“It was the best of times, it was the worst of times … it was the season of light, it was the season of darkness, it was the spring of hope, it was the winter of despair.” — Charles Dickens
The year 2020 was dreadful. Our neighbors, friends, and family lost jobs as the economy struggled with COVID-19. Tragically, some of us lost loved ones to the virus. I keep those losses in mind as I review the year for the stock market. My intention isn’t to spike the ball in celebration of how well the stock market performed. Instead, it is my job to use that information to consider what investors might expect for the next 12 months.
Last week, on March 23, 2021, the S&P 500 stock market index reached the one-year anniversary of its COVID-19 lows, having plunged 34 percent. The 12-month return on that date was a mammoth 74.78 percent, its best such stretch since 1936. On its way to achieving that return, in August 2020, the S&P 500 recorded its fastest recovery from a loss of more than 30 percent. For perspective, some of us remember Black Monday in 1987, which ultimately also became a 34 percent loss. It took 20 months – not five – to recapture the old highs.
What’s happens in the next 12 months? FactSet looked back over the last half-century to consider what happened after previous S&P 500 declines that exceeded 30 percent.
As you might suspect, the 12 months following a 30 percent decline has historically been phenomenal, averaging a gain of 40.6 percent. But that’s history. What will happen up until March 23, 2022? Historically, the year after, the S&P 500 experienced a 16.9 percent gain with a maximum pullback of 10.2 percent after similar bear markets followed by bull recoveries.
That’s not a lot of sample sizes, so let’s look at it a different way. Bespoke examined the times in which the S&P 500’s rolling one-year percent change first crossed a 50 percent gain, without another occurrence in the prior year. This most recently occurred on March 12, 2021.
Bespoke found that the average return following such advances was 17.08 percent for the year, with a maximum correction of 10.79 percent. Both close to FactSet’s findings.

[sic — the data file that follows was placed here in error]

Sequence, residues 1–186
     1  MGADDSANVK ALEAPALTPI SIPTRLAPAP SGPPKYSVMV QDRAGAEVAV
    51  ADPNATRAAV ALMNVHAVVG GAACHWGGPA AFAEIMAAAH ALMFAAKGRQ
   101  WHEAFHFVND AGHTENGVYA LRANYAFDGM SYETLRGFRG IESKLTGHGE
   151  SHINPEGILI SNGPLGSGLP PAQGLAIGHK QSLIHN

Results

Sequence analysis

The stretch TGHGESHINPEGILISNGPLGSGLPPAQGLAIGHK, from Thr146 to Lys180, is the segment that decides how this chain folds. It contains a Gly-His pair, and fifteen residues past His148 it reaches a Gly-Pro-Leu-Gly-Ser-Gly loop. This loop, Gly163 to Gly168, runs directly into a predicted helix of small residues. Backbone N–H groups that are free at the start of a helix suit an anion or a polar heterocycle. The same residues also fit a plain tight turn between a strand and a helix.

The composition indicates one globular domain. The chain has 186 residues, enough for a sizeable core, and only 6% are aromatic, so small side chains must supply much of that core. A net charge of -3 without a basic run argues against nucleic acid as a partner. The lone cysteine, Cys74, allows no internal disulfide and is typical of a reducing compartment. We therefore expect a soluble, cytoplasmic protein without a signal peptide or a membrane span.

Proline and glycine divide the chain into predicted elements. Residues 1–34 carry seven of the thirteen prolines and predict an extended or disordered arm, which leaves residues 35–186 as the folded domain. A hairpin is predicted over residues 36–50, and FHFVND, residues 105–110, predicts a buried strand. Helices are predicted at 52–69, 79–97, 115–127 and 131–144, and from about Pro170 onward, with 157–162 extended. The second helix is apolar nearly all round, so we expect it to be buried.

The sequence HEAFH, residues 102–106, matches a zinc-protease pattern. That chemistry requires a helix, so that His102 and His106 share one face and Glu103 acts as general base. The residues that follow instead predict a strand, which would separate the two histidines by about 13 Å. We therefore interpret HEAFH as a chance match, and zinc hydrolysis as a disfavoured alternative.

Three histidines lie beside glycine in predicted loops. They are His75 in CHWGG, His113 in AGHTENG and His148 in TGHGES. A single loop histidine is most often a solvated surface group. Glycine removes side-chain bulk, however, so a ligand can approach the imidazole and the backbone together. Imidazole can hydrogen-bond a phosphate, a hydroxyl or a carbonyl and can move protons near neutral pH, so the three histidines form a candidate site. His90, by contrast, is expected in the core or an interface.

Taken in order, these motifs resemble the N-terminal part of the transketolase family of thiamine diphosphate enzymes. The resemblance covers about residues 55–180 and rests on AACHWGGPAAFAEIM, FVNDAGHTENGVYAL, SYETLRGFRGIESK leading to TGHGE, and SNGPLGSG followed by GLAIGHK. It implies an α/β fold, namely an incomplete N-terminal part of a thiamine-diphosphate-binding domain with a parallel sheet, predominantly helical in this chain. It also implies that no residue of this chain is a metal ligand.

Bespoke performed the screening for the NASDAQ 100 and the Russell 2000 stock market indices. However, they tracked the 12-month returns for these two after those indices were up greater than 75 percent. The NASDAQ 100’s average next-year gain was 28.90 percent, and the average maximum correction was 11.83 percent. For the Russell 2000, the average next-year return was 20.39 percent, with an average maximum correction of 11.91 percent.
I wouldn’t consider any of those years — or even the averages — to be a forecast for the next 12 months. I’ve been concerned that, after such stellar returns, the market might experience a reversion to the mean. A reversion to the mean, per Investopedia, “involves retracing any condition back to a previous state … any price that strays far from the long-term norm will again return, reverting to its understood state.” Or, in this instance, someone might say, “What goes up must come down.”
After the run the stock market has enjoyed, I’ve certainly thought about cashing in some chips. Of course, I review the fundamentals, consider valuations, and determine which investments might be favored over others. As I’ve shared with you in this column, due to that research, I am primarily invested in equities (where and for whom I’m supposed to be). However, as a thought exercise, I like to use historical tendencies as proof of concept for my fundamental conclusions. While I don’t rule out an eventual reversion to the means, the historical evidence is that I can somewhat comfortably maintain my bullish view.